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In contrast to some routes which seem to change every few years the 24 is one of the most stable routes in London. It started as Hampstead Heath to Victoria on 5.5.1910, and was extended to Pimlico on 19.8.1912. It has run between the same two terminals by the same route ever since, give or take a couple of one-way systems and a slight change to the terminal working at Pimlico. Its conversion to one person operated Titans took place in the autumn of 1986, though the route had seen doored buses in previous years including fleetlines from 1976 to 1979. The Titans did not last long though, as the route was lost to Grey Green from 05/11/88, making it the first central London route to pass to the private sector, the operator's grey and green Volvo Citybuses making a striking sight running down Whitehall past Downing Street hall of power.
Grey Green was the original bus operation of the Cowie group, which renamed itself Arriva in 1998. Grey Green's Stamford Hill base was subsequently closed with the allocation transferred to the expanded Tottenham garage of sister company Arriva London North (formerly Leaside). Arriva however lost the route to Metroline in November 2002, using new Volvo B7TL/Plaxton President vehicles. Requirements for new vehicles elsewhere were consolidated with an allocation of new Enviro400 double deckers on the 24 in 2005, these being the first of their type into service in London. Those buses have now moved to their originally planned home on routes 4 and 186.
Further re-tendering saw the route awarded to London General in 2007 – although it may seem odd for a south London operator to bid for a north London route, their Stockwell garage is actually no further from the south end of the route than Holloway is from the north end, and a good closer than the Grey Green or Arriva base. In fact crew changes are much simpler, using the Victoria Line from Stockwell to Pimlico station, although most buses start and finish their day's work at the Hampstead Heath end, meaning they trace most of the route out of service. London General also specified Enviro400 double deckers for the 24, making this route also the first to have a second batch of that type allocated new to it.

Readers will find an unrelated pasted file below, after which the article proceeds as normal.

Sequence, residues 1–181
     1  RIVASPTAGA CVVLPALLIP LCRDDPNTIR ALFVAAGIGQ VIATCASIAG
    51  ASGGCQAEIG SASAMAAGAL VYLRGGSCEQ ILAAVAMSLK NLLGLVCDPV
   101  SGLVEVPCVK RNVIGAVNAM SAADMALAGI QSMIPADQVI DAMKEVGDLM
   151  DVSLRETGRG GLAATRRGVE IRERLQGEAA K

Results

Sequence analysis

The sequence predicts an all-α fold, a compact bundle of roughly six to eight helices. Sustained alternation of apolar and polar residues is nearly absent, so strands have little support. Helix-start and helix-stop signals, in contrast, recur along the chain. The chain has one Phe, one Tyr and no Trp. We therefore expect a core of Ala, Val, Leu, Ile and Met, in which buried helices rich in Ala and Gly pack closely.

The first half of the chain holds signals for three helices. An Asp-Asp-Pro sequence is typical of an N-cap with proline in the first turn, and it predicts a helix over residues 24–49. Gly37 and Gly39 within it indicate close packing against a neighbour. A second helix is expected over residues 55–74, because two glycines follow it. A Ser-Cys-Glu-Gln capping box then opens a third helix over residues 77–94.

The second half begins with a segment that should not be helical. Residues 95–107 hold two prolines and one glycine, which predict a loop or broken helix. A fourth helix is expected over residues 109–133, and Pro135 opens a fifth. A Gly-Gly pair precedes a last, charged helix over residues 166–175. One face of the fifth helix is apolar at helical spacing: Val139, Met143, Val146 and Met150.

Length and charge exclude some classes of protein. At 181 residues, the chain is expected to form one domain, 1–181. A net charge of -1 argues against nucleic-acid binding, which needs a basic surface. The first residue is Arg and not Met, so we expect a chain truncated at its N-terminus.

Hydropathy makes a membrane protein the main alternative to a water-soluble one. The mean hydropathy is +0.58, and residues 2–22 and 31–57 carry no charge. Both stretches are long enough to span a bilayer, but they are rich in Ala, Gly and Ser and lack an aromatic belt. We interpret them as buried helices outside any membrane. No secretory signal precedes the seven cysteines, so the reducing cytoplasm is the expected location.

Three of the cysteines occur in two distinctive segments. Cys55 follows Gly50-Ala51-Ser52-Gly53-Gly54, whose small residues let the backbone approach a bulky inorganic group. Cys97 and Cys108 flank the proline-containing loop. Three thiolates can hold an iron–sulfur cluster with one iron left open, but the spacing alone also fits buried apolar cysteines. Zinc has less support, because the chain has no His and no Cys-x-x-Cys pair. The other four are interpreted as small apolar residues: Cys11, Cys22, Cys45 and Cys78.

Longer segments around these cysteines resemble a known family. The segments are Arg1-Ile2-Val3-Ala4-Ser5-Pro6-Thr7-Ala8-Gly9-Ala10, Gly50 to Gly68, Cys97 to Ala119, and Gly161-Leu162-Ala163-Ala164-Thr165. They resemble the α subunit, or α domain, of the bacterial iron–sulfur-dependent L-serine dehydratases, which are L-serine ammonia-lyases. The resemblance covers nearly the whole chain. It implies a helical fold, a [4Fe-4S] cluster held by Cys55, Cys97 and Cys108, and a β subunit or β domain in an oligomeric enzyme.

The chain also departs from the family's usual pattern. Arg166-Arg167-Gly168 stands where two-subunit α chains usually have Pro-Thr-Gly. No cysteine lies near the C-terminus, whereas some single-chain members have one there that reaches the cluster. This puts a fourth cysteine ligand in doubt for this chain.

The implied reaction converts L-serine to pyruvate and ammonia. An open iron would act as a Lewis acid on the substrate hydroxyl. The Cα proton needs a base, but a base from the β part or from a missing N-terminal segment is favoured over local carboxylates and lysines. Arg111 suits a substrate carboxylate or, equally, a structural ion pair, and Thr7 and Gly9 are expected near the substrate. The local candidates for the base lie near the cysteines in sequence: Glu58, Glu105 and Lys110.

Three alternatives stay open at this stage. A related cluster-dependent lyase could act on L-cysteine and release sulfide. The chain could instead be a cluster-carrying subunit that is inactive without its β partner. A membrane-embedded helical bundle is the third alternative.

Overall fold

However, Metroline triumphantly won the route back in the next re-tender and took over operation on 10 November 2012. Although the route could quite conceivably have received a third batch of new Enviro400s, Metroline has instead gone for the Volvo/Wright Eclipse Gemini combination, which is currently the preferred new bus type for Holloway garage. Some of the buses are hybrids, but firstly to illustrate the conventional diesels we have B9TL VW1381 (LK62 DRV) on Grosvenor Road, effectively the section of the Embankment through Pimlico, on the first day, 10 November 2012. Buses observe a loop working here to turn around. If the blind display is correct, that is a VERY short working!
|Photo © Tom Bowell.|
Hybrids, which use a battery to store energy and improve engine efficiency, are now coming to London in larger numbers, and the majority are being used on central London routes. The 24 has gained an allocation of B5Ls, and VWH1364 (LK62 DKE) passes through Victoria on 26 November 2012. Branding is much more modest than on early hybrids, as they become more mainstream.
|Photo © RNAM200 (Robert Mighton).|
Metroline’s performance on the route before losing it had latterly been poor, apparently mainly as a result of congestion caused by bendy buses on route 38 turning right at Cambridge Circus. Two extra buses were added to the schedule to try to combat this problem, but that was not enough to stop the company losing the route. London General had the advantage of yet another bus added to the schedule, making 29 in all. For the new contract, it was decided to reduce the frequency to every 6 minutes (from every 5), but the PVR would be reduced only to 26, giving an extra 11 minutes on a round trip – at around the same time as the bendy buses were withdrawn! This was introduced early by London General, although the route currently uses 27 buses owing to a diversion at Victoria.
More interesting news is that the route will be the first to convert fully to "New Bus for London" vehicles in the summer – and appropriate choice, given the routes average (for central London) PVR and the fact that it has just started a new contract so will not be subject to further upheaval for a few years. The fate of the brand new buses currently running on the route remains to be seen!
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